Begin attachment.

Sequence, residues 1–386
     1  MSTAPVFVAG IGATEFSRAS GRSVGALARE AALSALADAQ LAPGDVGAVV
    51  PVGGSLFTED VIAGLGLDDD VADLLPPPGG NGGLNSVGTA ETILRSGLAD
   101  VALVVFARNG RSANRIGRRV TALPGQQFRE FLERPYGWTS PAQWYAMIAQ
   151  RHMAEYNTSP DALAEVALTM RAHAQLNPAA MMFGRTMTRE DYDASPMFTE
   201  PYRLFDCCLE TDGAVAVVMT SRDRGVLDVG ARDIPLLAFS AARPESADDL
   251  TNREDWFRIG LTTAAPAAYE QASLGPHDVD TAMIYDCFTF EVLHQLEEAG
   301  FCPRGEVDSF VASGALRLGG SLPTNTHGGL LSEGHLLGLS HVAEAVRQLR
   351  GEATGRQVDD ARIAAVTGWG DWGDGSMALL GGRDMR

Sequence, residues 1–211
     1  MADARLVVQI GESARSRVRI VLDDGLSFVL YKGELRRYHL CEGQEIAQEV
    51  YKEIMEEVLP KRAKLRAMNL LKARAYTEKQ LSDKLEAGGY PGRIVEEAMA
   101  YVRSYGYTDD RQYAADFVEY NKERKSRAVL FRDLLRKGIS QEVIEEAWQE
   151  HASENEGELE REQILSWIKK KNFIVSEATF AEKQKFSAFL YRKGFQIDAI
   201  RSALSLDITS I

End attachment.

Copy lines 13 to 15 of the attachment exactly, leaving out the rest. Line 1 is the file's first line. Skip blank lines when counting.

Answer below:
   101  YVRSYGYTDD RQYAADFVEY NKERKSRAVL FRDLLRKGIS QEVIEEAWQE
   151  HASENEGELE REQILSWIKK KNFIVSEATF AEKQKFSAFL YRKGFQIDAI
   201  RSALSLDITS I